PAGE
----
Why You May Need More Calories

How More Calories Can Improve Your Muscle and Fitness

Are you eating fewer calories to lose weight and gain muscle? Have you considered restricting calories is the reason you're not seeing results? Before you cringe too hard at this high possibility, let’s define what calories are and what they do for our body.  

Calories Defined and Function

Salad and vegetables on a table
Trinette Reed/Stocksy United

Simply defined, calories are units of energy the body needs for all vital functioning. That means our body is constantly burning calories sitting around watching TV, sleeping, eating, or working out. Calorie demands change depending on what we're doing. More energy is required when hitting a hard workout, for example. 

The food we eat supplies caloric energy. This provides fuel to run our metabolic processes. It also enables our body to perform work to develop a healthy, toned and muscular physique.

Quality calories are important. This means dumping processed foods and consuming a good amount of lean proteins, healthy carbs, and fat on a consistent basis. If you're serious about ​fitness goals, eating healthy calories are going to play a large role in your success. Let’s take a closer look at why you may require more calories.

Sustain Our Body at Rest

Calories Maintain Our Body at Rest
We Burn 60% of Our Calories During Rest Periods. PeopleImages.com DigitalVision/Getty Images

Calories don’t stop burning when the workout is done. Our body is working 24/7 and burning calories through digestive processes, keeping our hearts beating, lungs breathing and rebuilding muscle tissue. There is so much going on in our body we simply don’t think about.

It’s essential to fuel up with quality “real” food to keep things functioning at optimal levels. One of the biggest diet mistakes is restricting calories. If too many calories are restricted, our body responds by holding onto fat as energy stores to protect itself.

You may be surprised to know most of our calories are burned during rest periods and not during a workout session. In fact, our resting metabolic rate (RMR) accounts for 60 percent of total calories burned throughout the day.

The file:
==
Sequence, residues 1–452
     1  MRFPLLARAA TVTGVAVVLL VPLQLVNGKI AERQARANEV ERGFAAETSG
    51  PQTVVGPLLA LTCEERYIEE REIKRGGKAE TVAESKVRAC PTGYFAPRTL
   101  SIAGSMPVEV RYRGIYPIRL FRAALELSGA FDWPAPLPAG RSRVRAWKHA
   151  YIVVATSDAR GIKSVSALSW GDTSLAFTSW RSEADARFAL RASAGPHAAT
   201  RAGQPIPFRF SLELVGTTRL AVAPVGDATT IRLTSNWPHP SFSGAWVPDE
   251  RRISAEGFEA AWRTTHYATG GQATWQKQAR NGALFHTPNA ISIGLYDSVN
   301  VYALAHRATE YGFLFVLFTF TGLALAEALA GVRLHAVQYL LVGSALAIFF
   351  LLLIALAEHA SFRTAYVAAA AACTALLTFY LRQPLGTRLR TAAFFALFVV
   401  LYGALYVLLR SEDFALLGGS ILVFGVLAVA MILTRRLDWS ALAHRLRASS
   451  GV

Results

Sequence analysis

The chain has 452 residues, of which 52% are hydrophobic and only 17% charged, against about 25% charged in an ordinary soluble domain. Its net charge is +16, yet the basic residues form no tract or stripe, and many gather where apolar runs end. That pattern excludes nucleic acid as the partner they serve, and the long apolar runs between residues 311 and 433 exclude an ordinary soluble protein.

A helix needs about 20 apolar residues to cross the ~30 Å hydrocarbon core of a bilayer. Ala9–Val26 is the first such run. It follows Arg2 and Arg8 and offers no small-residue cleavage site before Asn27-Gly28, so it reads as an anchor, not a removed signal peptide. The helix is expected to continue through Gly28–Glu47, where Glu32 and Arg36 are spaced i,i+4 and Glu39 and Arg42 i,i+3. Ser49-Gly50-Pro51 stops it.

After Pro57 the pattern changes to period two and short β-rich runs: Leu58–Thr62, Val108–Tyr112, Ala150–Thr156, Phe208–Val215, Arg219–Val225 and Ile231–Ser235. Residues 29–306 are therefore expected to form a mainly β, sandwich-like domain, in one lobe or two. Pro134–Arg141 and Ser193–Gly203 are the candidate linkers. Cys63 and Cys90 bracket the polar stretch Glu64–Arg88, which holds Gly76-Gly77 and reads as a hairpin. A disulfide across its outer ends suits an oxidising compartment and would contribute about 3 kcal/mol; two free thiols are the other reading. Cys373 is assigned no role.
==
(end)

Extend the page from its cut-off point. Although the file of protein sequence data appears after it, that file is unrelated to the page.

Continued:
Calories Help with Muscle Growth and Repair
Calories Help with Muscle Growth and Repair. leezsnow E+/Getty Images

Calories turn into energy. This energy fuels hard workouts and repairs lean tissue stressed during exercise. Calories benefiting our body most come from eating a wide variety of healthy food. Eating right will provide essential nutrients your body needs to create lean mass.

When we place physical demands on our body it requires additional calories to sustain the work. Many people trying to gain muscle make the diet mistake of cutting back calories. Not eating enough can adversely affect workouts and ultimately our muscle growth. ​Eating for Muscle is a great article to reinforce the importance of why you need more calories.


Calories Maintain our Metabolism
Calories Maintain our Metabolism. Lear Miller Photo Image Source/Getty Images

Calories are essential for healthy metabolic function. Metabolism simply defined is the ability of the human body to make energy, grow and heal using chemical processes from the food and water we consume.

If we're not eating enough calories our metabolism may be at risk of slowing down and not being an efficient fat burner. Too many people restrict food on “fad” diets and over-exercise causing metabolic damage. 


Eating More Calories Stimulates Weight Loss
Eating More Calories Can Stimulate Weight Loss. Michael Poehlman DigitalVision/Getty Images

Calories are essential for weight loss. It's important to understand how many calories you need before you can implement a caloric deficit for weight loss. Otherwise, you're taking a shot in the dark and probably not eating enough. Eating fewer calories may cause your body to respond by holding onto fat stores for reserve. 


How Many Calories Do I Need Daily?

How Many Calories Do I Need Daily?
How Many Calories Do I need Daily. Paper Boat Creative DigitalVision/Getty Images

Calculating daily calories can feel overwhelming and ranges from person to person. Knowing your fitness goals will be a great place to start. It will be essential to eat enough calories to accomplish what you want whether weight loss or muscle gain.


American Journal of Clinical Nutrition, Calorie Restriction Accelerates the Catabolism of Lean Body Mass During 2 wk of Bed Rest, Gianni Biolo et al., 2007.

American Journal of Clinical Nutrition, Energy Balance and Its Components: implications for Body Weight Regulation, Kevin D. Hall et al.

Journal of the International Society of Sports Nutrition, Metabolic adaptation to weight loss: implications for the athlete, Eric T Trexler et al.